Helen Buckley Woods, from RoRI, gave a presentation summarising the findings from a small-scale study (Why draw lots?) exploring the motivations and restraining factors behind the use of partial randomisation. The qualitative study collected data through interviews with practitioners and leaders from six funding organisations either planning or implementing partial randomisation. The key motivating factor identified from the data was fairness in decision-making when peer review had reached the limits of its use. It also ameliorated the biases that can creep in when panels are faced with projects that are indistinguishable and it is challenging to decide which projects to fund. The data also suggested that, as it is a more transparent process, it is perceived as fairer, and it is easier to communicate why a project was or was not funded. Legal considerations were also a driver to introduce partial randomisation and a prerequisite to its use, particularly for public funding bodies. Organisations that took part were at different stages in the application of partial randomisation. For those at a more developed stage, early reflections on its overall value, its effects on the funding community, and what it means for the role of peer review and the wider research system were beginning to emerge.

Testing the waters

In the second half of the workshop, chaired by Michele Garfinkel, from EMBO, different applications of partial randomisation were presented in four short presentations.

Firstly, Lucy Pomeroy, from the Health Research Council, in New Zealand, outlined their use of randomisation in their Explorer Grants scheme. Lucy reported that, in a recent survey, there had been an increase in the acceptability of the method’s use in this scheme amongst both applicants and assessors. As health funders, the HRC has the opportunity to make a significant contribution to health equity in support of the NZ government’s strategic health equity objectives. Two examples were given showing how randomisation could be used in conjunction with these strategic objectives.

Marco Bieri and Rachel Heyard, from the SNSF, then presented an update on the use of partial randomisation and what they had learned from the 2019 pilot on the Postdoc.Mobility scheme. In the pilot, the method was used in only a small set of applications (~4%). Clear communication was very important to prevent misunderstandings with stakeholders. There was a mixed reaction from panel members, but acceptance was growing with time. In addition, there were fewer reactions than expected from applicants and these were mainly about the process. The process of deciding which applications should be subject to the random selection is very important and Rachel Heyard explained the use of Bayesian ranking as one useful way of defining this group. These processes are now part of a new unified evaluation procedure at the SNSF.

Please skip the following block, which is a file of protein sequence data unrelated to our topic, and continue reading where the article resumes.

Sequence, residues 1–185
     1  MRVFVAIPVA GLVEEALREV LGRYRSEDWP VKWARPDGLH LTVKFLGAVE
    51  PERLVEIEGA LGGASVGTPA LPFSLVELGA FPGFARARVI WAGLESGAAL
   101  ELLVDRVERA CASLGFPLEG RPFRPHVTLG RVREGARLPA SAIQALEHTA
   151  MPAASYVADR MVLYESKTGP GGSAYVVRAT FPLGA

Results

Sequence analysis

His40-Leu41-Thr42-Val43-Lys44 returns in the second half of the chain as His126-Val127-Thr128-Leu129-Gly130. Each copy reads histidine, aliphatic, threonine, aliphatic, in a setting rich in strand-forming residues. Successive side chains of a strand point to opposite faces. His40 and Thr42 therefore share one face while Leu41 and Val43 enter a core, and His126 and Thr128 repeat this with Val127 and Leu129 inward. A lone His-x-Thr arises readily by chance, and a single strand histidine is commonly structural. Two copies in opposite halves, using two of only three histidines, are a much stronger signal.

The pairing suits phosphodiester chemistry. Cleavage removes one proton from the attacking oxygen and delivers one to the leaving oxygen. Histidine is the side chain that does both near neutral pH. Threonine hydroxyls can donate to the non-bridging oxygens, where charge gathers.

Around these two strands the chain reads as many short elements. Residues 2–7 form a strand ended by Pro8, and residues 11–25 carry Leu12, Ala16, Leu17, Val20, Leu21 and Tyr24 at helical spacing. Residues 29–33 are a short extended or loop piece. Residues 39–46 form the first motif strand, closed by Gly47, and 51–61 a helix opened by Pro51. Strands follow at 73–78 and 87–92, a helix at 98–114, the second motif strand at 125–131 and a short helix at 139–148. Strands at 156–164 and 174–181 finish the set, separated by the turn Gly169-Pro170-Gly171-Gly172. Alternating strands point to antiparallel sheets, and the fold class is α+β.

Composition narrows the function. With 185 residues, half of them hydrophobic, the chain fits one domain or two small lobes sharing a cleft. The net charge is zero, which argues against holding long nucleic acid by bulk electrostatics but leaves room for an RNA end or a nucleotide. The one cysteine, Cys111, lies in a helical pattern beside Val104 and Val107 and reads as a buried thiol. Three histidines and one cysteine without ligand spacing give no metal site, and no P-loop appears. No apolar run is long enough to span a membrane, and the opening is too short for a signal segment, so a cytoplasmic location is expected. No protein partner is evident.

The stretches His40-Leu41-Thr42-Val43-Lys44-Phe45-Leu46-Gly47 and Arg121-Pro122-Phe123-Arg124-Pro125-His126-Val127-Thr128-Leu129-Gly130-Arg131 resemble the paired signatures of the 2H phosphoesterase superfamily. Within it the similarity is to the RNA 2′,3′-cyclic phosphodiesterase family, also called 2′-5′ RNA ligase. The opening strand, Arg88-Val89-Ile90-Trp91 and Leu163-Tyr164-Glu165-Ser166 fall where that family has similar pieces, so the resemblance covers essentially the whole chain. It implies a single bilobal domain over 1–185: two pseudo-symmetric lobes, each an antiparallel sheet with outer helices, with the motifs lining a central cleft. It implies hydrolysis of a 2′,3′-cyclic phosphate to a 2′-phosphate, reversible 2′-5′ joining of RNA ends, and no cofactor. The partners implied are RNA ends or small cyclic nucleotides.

The penultimate talk was given by Dagmar Simon, from Evaconsult, who gave an update on the evaluation of the Volkswagen Foundation’s use of partial randomisation in their Experiment! scheme. The aim of the scheme was to identify ground-breaking research ideas. In her research with colleague Martina Robbecke, interim results found that the method increased the diversity of the range of projects funded, and encouraged the submission of risk-taking proposals. In the most part it was welcomed by the research community. More details of the accompanying research project are available in the Volkswagen case study in "The experimental research funder’s handbook".

Finally, Elisabeth Nindl, from the FWF, presented on the use of partial randomisation in their 1000 Ideas programme. The programme was introduced to promote radically new and risky research ideas. The selection entailed a double-blind peer review process with the random draw element conducted at an FWF board meeting using a specific procedure designed to ensure the trustworthiness of the method. Elisabeth reported that there were no complaints from applicants but some criticism that they had not received feedback on where their project was unsuccessful. Criticism from the FWF board and the jury was directed towards the objectives of the programme itself and on the quality of the applications, which were perhaps not as ‘risky’ as anticipated. 

The session closed with comments and questions from the audience, and panel members highlighted the benefits of sharing ideas and practice at these kinds of events. The President of the National Research Council of the SNSF, Matthias Egger, also underscored the benefits of such exchanges, to share and develop possible methodologies to assess the longer-term effects of partial randomisation in multi-centre or multi-funder studies.

For more information about the project, including our work supporting partners to design experiments, please see our project page. If you have any questions or would like to join us in future research in this area, please contact Dr Helen Buckley Woods.

Photo by K V S T on Unsplash